Pink Pork Is Safe To Eat, Says USDA

Cooking Temperature Officially Lowered, Celebrity Chefs Rejoice

Posted by on May 26

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This week, the U.S. Department of Agriculture made a few changes to the cooking safety guidelines acceptable for pork products. The acceptable temperature for pork cuts is now 145 degrees F, down from the previous 160 degrees F.

And chefs across the nation couldn't be happier.

"USDA confirms what chefs have been saying for years: Pink Pork is Safe," wrote Top Chef judge and restaurateur Tom Colicchio via Twitter after he received word of the announcement.

"Finally, the government does something I completely and totally agree with," tweeted Food Network's longtime host of Good Eats Alton Brown.

The lower temperature is coupled with an additional technique, however. After whole cuts of pork reach 145 degrees, they must rest for 3 minutes before being consumed. According to the USDA, this is an important finishing touch to the process because the residual, carryover heat will destroy harmful pathogens.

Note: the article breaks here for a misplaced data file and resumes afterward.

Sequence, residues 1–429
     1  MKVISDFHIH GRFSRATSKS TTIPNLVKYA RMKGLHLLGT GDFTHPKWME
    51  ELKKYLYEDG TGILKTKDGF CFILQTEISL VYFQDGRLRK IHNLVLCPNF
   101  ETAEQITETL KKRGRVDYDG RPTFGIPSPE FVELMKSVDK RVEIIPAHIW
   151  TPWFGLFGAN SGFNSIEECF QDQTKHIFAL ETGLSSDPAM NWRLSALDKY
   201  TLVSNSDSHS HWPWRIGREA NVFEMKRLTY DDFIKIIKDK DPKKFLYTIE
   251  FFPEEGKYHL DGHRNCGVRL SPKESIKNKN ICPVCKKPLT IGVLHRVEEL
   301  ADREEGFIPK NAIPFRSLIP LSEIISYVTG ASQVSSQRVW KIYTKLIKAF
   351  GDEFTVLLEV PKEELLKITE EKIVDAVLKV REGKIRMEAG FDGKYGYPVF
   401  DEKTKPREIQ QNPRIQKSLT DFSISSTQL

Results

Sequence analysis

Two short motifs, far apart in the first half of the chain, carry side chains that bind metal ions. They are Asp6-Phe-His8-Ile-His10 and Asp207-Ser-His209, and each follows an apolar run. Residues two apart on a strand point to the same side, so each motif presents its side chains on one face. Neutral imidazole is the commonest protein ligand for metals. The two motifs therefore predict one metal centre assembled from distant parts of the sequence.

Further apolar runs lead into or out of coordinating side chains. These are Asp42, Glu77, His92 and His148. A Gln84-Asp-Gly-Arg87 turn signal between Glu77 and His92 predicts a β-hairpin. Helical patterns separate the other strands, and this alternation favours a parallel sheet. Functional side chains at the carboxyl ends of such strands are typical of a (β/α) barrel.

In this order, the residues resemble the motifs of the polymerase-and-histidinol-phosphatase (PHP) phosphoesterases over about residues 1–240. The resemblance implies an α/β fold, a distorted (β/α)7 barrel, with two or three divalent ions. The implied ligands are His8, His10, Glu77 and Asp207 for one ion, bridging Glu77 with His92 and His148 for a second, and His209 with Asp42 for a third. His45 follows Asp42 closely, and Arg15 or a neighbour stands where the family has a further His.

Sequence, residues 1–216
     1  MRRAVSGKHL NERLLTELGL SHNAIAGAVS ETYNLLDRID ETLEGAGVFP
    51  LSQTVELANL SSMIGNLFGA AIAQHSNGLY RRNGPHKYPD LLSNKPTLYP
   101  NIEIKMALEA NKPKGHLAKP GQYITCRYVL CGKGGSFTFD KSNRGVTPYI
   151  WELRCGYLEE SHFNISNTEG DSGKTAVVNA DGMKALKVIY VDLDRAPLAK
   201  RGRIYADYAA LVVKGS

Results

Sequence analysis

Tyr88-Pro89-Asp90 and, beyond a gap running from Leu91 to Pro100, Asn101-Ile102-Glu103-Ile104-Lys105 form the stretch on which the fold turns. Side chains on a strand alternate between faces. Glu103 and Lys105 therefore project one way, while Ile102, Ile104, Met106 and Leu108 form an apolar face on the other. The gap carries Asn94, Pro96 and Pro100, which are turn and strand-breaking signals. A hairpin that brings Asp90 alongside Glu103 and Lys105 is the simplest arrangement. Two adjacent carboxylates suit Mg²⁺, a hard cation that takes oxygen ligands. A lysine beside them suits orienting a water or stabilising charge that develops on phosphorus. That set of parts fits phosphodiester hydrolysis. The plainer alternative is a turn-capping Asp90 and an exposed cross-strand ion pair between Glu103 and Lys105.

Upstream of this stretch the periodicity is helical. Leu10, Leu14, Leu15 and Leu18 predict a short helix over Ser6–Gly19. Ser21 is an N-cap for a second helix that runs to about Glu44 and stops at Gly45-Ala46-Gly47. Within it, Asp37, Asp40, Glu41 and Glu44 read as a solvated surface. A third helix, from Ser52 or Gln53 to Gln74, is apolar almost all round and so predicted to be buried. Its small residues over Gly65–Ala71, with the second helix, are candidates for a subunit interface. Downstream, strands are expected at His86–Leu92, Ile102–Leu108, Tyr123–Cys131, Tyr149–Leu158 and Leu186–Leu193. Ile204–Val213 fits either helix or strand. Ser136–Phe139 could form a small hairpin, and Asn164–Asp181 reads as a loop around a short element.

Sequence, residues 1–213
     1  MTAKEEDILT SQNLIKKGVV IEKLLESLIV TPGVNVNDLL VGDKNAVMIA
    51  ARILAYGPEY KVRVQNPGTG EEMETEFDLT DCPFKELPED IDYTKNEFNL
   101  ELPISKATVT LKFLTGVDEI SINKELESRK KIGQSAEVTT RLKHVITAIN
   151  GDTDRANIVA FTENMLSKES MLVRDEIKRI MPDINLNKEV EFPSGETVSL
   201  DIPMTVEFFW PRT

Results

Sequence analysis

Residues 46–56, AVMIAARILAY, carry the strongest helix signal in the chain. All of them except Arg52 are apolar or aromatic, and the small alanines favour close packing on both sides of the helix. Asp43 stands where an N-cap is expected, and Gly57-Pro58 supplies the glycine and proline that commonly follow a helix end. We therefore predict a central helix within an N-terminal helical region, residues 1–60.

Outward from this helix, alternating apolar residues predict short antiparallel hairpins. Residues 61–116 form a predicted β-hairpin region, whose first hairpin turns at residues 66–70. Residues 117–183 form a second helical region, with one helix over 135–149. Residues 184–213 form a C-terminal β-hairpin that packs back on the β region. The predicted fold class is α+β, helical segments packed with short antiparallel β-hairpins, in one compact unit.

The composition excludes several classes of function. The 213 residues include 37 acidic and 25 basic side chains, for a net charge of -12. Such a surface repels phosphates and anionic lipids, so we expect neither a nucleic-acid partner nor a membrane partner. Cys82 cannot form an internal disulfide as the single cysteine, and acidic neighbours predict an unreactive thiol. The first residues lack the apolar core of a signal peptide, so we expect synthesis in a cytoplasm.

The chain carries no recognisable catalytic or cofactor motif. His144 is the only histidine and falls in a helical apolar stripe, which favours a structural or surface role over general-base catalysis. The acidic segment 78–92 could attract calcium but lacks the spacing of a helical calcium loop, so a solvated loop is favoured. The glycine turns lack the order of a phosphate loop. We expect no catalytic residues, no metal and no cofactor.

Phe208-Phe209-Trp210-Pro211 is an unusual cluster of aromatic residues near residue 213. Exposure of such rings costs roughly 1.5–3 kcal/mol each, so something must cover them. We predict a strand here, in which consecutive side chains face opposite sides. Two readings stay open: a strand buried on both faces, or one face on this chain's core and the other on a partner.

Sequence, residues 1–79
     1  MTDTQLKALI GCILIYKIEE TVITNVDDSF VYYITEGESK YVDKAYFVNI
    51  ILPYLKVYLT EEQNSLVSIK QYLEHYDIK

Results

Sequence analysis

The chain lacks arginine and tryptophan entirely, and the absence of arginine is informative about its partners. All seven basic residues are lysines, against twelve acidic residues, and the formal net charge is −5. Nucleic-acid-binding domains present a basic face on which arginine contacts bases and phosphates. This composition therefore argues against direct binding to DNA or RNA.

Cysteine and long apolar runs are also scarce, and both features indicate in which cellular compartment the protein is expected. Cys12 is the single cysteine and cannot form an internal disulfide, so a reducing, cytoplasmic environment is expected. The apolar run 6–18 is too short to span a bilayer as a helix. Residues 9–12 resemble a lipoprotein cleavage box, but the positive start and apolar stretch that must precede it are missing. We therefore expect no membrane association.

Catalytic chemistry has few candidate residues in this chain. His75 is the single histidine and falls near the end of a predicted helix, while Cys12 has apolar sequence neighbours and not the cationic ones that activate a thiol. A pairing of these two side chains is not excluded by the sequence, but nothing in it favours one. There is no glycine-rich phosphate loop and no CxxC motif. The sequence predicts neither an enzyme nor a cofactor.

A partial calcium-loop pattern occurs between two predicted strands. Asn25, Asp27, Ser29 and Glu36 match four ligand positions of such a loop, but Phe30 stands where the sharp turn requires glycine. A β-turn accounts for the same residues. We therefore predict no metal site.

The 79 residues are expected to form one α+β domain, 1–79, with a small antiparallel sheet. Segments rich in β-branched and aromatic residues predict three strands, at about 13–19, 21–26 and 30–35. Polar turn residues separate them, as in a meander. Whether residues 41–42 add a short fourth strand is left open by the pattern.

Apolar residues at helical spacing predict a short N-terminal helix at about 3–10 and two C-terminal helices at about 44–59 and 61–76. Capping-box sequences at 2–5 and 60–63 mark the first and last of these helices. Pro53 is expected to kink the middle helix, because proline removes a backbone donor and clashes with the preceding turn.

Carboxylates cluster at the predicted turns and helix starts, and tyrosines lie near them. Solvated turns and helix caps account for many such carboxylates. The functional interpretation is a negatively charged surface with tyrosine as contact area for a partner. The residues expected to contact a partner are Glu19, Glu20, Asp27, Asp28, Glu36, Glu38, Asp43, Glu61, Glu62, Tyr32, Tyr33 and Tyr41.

It's great news for meat connoisseurs that have always preferred their pork on the pink side. But the trickiest part of this change may have some long-lasting effects for the rest of us: re-educating old habits and thought processes. While professional chefs have something to rejoice about, most diners will likely have a hard time getting used to their pink meat deemed safe for consumption.

"Historically, consumers have viewed the color pink in pork to be a sign of undercooked meat," reads the USDA's official statement. "If raw pork is cooked to 145 degrees F and allowed to rest for three minutes, it may still be pink but is safe to eat. The pink color can be due to the cooking method, added ingredients, or other factors."

Source:  The Independent


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